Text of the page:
Sneaky Divorce Tactics: How to Avoid Discovery in Divorce
Divorce can be a messy and complicated legal process, especially when it comes to divorce discovery. Discovery refers to exchanging information and evidence between spouses as part of the divorce proceedings. The discovery process allows each spouse to investigate the other’s finances and assets to determine a fair settlement.
However, discovery can quickly become contentious, driving up costs and prolonging the divorce. Avoiding extensive discovery may be preferable for couples wanting an amicable, low-conflict divorce. This article looks at how to avoid discovery in divorce and settle your differences directly.
What is Discovery in Divorce, and Why Does It Happen?
Divorce discovery is an investigation into the assets, incomes, expenses, and liabilities of each spouse. It is a routine part of the divorce process in family law. The rationale is that both parties need full financial disclosure to divide assets equitably and determine issues like child support and alimony.
Discovery usually happens after you file for divorce. Either spouse can issue formal discovery requests to the other party to produce specific documents, provide recorded statements, submit to a deposition, or answer written questions (interrogatories). The responses must be served within 30 days.
If your spouse refuses to comply with discovery requests, you can file a motion to compel the court to order them to cooperate. However, this escalates the conflict. The discovery process gives your divorce attorney leverage to negotiate on your behalf. But it can also create acrimony between spouses.
How Can You Avoid Discovery in Your Divorce Case?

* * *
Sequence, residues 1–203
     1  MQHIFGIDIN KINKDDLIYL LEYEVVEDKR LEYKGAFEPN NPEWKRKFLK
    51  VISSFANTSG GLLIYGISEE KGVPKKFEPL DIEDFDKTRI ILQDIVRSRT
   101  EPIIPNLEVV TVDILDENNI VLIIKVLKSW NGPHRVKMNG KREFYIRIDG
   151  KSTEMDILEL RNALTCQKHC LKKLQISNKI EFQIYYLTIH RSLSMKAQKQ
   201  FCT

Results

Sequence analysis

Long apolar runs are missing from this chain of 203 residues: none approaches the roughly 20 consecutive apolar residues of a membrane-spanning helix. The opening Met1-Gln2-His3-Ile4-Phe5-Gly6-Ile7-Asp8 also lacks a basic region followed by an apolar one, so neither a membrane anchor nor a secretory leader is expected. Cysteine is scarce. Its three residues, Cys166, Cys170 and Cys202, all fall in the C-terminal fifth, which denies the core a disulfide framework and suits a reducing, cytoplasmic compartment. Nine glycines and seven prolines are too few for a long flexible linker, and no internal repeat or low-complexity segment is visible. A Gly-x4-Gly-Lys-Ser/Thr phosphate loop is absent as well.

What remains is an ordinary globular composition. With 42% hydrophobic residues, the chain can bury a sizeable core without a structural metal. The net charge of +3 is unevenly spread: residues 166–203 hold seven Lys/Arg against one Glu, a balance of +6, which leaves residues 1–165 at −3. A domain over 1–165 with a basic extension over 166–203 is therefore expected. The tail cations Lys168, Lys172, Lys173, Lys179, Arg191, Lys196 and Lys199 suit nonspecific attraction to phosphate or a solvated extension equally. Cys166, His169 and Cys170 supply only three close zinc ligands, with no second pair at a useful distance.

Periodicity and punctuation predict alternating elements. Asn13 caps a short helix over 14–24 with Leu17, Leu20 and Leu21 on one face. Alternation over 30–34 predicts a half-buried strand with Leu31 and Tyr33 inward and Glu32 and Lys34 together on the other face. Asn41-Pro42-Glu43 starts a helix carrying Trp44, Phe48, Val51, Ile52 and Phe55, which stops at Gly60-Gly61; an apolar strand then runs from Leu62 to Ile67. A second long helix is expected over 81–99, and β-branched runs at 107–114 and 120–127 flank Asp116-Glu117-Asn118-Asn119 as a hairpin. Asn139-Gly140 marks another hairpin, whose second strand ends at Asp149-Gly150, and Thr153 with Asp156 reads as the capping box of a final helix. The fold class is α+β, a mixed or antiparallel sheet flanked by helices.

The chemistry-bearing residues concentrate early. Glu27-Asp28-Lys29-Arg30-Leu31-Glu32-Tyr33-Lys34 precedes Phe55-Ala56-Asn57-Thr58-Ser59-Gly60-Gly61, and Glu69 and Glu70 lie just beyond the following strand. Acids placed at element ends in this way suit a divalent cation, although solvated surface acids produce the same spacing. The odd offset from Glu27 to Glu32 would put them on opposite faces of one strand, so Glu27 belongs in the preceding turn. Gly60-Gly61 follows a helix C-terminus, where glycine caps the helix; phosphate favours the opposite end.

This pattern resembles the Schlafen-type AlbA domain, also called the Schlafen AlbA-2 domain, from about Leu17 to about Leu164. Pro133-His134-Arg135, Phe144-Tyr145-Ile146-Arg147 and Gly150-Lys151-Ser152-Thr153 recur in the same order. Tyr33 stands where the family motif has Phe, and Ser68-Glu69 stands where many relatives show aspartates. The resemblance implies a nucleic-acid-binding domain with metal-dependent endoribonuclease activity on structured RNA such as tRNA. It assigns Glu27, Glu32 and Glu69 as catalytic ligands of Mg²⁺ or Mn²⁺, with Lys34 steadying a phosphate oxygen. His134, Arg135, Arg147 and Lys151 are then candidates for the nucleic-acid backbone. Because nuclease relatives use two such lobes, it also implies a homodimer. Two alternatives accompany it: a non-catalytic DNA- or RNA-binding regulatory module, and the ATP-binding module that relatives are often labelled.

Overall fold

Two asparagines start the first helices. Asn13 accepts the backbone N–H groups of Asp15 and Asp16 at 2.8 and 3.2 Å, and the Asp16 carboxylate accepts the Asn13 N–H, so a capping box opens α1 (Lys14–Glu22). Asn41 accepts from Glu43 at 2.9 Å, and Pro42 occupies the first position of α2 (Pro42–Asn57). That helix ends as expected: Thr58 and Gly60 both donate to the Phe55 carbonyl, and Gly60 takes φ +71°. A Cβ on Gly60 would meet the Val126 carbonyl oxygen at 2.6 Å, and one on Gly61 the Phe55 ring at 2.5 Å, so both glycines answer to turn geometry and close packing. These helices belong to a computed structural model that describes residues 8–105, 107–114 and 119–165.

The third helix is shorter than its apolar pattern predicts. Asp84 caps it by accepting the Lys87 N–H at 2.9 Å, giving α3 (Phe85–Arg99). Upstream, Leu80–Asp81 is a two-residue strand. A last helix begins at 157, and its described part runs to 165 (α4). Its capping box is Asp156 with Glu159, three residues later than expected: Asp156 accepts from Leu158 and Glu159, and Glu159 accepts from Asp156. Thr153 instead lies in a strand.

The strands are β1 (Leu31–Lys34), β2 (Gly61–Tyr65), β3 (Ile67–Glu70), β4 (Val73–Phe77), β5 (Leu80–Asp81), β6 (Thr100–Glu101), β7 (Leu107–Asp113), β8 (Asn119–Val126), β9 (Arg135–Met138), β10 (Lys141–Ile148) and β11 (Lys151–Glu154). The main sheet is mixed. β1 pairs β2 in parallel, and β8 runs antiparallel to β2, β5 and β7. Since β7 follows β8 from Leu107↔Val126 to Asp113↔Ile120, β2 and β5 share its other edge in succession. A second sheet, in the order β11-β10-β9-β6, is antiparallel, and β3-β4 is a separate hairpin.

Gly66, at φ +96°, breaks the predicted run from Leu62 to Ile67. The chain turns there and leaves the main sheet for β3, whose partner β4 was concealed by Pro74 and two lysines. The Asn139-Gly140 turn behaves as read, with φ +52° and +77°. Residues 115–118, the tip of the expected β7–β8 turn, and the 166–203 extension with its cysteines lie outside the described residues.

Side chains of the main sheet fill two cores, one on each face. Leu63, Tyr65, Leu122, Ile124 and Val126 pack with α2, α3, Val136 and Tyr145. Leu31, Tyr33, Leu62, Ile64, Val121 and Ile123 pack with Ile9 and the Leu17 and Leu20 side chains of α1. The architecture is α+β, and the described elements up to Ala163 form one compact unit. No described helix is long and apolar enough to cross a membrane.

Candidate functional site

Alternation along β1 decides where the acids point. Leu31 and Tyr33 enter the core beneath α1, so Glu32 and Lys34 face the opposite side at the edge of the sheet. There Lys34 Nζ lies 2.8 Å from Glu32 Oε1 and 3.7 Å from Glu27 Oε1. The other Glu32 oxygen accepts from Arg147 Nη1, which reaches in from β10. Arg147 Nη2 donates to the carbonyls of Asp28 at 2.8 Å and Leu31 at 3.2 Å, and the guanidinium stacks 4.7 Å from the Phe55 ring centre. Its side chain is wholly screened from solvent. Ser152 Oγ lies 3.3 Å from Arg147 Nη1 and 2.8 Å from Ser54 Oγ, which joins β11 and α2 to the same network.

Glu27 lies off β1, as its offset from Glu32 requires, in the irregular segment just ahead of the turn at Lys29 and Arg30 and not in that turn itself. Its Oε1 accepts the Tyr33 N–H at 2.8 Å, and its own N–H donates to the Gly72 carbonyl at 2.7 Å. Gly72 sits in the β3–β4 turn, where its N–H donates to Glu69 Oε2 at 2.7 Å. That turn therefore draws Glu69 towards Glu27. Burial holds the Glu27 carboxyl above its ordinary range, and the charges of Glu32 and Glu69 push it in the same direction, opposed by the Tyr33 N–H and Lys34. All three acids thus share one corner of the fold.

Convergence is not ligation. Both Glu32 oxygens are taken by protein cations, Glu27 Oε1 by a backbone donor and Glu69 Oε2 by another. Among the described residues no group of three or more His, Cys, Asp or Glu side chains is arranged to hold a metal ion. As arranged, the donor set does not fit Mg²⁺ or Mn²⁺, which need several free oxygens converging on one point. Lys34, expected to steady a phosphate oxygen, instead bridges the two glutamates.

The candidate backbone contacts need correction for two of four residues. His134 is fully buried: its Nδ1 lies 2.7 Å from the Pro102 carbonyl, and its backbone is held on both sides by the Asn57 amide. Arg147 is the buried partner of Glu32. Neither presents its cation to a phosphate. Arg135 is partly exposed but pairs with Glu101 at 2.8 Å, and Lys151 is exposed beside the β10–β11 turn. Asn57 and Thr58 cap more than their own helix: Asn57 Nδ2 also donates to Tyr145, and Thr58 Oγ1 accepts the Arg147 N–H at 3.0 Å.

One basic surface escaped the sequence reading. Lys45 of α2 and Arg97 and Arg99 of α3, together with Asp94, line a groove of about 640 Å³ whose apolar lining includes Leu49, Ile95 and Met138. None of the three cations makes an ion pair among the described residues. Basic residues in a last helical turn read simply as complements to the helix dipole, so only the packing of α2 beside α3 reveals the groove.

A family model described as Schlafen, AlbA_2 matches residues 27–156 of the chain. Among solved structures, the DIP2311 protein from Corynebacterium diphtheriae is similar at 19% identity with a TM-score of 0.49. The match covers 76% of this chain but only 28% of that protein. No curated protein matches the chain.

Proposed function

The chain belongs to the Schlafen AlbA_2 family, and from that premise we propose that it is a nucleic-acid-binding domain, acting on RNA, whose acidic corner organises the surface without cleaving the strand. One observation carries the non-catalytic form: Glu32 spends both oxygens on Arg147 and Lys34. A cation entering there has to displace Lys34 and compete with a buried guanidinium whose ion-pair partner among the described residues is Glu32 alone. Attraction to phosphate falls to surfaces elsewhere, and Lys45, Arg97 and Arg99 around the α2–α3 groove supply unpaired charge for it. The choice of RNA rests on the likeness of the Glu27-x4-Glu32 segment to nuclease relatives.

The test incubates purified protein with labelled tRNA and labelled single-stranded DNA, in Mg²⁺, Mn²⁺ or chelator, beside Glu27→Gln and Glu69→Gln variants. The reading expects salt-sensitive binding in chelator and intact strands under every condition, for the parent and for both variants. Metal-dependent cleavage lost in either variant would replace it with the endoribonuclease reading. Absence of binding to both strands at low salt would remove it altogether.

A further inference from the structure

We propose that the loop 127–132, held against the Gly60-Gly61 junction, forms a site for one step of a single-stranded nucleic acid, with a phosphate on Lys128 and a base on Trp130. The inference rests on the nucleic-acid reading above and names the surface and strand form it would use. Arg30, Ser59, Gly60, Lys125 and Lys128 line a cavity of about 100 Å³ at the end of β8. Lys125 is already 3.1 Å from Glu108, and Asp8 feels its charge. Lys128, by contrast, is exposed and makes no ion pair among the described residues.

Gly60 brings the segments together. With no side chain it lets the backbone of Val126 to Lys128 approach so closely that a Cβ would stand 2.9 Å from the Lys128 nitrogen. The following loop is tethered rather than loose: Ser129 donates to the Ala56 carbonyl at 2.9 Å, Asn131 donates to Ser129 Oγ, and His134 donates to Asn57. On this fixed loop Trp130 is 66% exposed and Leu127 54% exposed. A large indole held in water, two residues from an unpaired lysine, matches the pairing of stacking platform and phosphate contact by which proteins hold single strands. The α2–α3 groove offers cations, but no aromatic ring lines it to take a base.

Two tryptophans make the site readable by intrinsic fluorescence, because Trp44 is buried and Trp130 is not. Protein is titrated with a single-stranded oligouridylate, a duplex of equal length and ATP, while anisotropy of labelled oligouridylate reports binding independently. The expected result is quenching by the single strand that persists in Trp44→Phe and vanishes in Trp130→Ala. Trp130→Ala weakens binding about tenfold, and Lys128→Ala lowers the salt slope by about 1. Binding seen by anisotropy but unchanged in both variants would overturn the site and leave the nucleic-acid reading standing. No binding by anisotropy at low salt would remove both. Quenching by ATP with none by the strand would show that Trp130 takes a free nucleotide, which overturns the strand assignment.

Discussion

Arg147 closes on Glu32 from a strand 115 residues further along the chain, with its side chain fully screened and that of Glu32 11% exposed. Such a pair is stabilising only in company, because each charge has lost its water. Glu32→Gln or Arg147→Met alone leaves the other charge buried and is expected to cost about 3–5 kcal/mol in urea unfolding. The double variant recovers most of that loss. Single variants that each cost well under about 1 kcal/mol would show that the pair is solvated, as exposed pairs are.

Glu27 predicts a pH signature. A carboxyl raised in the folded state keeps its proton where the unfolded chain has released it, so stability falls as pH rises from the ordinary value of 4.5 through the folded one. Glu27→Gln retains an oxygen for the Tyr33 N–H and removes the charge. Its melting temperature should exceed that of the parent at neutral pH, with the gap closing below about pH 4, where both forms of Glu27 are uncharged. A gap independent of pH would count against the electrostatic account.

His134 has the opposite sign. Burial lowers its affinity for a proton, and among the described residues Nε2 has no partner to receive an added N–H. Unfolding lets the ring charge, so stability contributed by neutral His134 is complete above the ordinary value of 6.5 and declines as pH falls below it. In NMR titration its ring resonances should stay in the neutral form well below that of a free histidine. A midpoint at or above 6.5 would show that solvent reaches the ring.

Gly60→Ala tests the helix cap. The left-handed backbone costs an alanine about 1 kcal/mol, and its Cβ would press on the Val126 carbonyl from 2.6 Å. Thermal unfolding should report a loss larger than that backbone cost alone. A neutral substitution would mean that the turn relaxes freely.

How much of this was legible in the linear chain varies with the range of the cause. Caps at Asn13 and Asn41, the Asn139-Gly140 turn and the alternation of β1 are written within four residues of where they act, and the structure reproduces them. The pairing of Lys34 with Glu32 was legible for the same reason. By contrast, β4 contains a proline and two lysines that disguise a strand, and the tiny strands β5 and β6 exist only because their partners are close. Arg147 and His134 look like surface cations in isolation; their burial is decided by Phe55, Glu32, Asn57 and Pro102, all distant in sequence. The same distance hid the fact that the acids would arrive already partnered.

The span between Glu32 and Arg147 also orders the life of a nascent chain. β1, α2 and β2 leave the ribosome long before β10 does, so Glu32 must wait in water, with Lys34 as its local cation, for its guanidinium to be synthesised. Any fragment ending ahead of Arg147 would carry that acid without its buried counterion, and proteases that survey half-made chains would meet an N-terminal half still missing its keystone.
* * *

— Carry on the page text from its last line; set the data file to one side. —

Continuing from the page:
Here are some tips on how to avoid extensive discovery in your divorce:
Settle Differences Amicably from the Outset
Ideally, you and your spouse should try to settle your differences amicably when you begin discussing separation and divorce. Be upfront about your finances, assets, and debts. Share bank statements, tax returns, retirement accounts, and other financial paperwork voluntarily. If you can agree to the division of assets, child custody arrangements, and spousal/child support directly, you may not need formal discovery.
Use a Mediator
If direct negotiation fails, bring in a neutral third-party mediator to facilitate compromise and settlement. An experienced divorce mediator can help you and your spouse inventory assets, determine net worth, and divide property fairly without involving the court system. Mediation is cheaper than litigation.
Hire Collaborative Divorce Attorneys
In collaborative divorce, each spouse hires an attorney trained in interest-based negotiation. The attorneys commit to settling out of court. They share information openly to build proposals that meet each party’s core interests. The attorneys cannot go to court if you fail to reach a settlement. This encourages good-faith bargaining.
Seek a Default Divorce
If you have been separated for some time and kept your finances separate, you may be eligible for a default divorce. To get a default divorce, your spouse only needs to file a response to your divorce petition stating they do not contest the divorce. This avoids discovery and litigation.
File an Uncontested Divorce